Explanation:
(written by R. P. Binzel, MIT)
The sixth closest asteroid encounter on record, the May 29 near-miss by the object catalogued as “2012 KT42”, was tracked by the NASA Infrared Telescope Facility (IRTF) on Mauna Kea, Hawaii as it whizzed inside the orbital distance of Earth geosynchronous satellites (6.6 Earth radii or an altitude of 22,000 miles). KT42's discovery by the Catalina Sky Survey 23 hours before closest approach allowed time to trigger a preplanned “Rapid Response Program” involving an international team of astronomers led by MIT. Near-infrared spectral color measurements obtained simultaneously with the facility spectrograph (SpeX) while tracking the asteroid reveal a color signature interpreted as a carbon-rich composition (perhaps analogous to carbonaceous chondrite meteorites) from which a moderately dark reflectivity (albedo) is inferred. By knowing both the reflectivity and visible brightness of the object, the deduced size is about 7 meters (23 feet) across (roughly the size of a “Duck Boat”). Had 2012 KT42 actually struck the Earth, its relatively small size and likely weak structure would have made survivable atmospheric passage doubtful with perhaps only a few fragments reaching the surface as meteorites. The presented movie shows the NASA telescope first acquiring, then “locking on target” and tracking with the asteroid as it whizzes across the sky — hence stars appear only as passing streaks. The movie is compiled from 2-second exposures obtained by the MORIS camera played back at 15 frames per second. (Thus the movie plays at about 30 times actual speed.) An internal reflection within the camera can be seen faintly to the left. Frequent up/down jumps of the image are normal telescope motions as part of the spectral data collection process.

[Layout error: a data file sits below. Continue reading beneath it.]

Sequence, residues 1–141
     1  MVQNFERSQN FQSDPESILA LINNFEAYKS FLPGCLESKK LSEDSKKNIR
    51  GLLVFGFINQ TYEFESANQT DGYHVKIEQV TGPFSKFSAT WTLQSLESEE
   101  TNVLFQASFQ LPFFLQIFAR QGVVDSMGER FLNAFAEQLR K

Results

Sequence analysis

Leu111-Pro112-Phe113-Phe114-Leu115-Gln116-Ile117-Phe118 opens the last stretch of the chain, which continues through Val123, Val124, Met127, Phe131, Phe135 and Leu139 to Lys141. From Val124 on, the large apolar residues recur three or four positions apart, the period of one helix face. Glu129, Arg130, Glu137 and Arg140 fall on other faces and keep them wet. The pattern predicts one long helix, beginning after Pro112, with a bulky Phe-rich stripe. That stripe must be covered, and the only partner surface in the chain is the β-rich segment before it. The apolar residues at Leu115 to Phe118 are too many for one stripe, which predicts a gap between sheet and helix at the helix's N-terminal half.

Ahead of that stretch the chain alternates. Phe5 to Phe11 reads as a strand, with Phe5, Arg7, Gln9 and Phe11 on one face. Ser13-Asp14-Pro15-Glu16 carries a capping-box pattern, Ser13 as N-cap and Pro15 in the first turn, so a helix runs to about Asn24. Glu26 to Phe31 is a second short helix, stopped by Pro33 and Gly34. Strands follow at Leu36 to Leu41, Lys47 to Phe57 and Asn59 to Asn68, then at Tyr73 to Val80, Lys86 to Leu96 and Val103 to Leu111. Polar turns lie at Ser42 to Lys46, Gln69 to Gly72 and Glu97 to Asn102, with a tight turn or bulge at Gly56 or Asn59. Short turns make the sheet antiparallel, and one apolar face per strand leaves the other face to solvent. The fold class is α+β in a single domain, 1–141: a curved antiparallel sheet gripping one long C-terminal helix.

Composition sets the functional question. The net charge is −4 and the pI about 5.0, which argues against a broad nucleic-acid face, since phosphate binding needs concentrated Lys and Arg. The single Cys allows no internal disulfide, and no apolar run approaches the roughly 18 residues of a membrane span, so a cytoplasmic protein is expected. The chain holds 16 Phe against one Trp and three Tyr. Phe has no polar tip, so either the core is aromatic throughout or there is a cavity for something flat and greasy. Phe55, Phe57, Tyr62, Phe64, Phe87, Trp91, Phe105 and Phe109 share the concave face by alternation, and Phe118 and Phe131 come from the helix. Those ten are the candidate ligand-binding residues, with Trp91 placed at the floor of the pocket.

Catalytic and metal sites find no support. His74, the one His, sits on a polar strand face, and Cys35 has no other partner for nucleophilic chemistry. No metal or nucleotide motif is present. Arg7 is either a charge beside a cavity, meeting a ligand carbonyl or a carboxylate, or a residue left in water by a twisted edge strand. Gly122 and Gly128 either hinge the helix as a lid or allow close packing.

Credit:
R. P. Binzel (MIT) [recorded MORIS data during event]
M. Lockhart (MIT) [assembled video with text overlay]
B. Golisch, S. J. Bus, T. Denault, J. Rayner, A. Tokunaga (NASA IRTF)
A. Gulbis (SALT) [MORIS camera]

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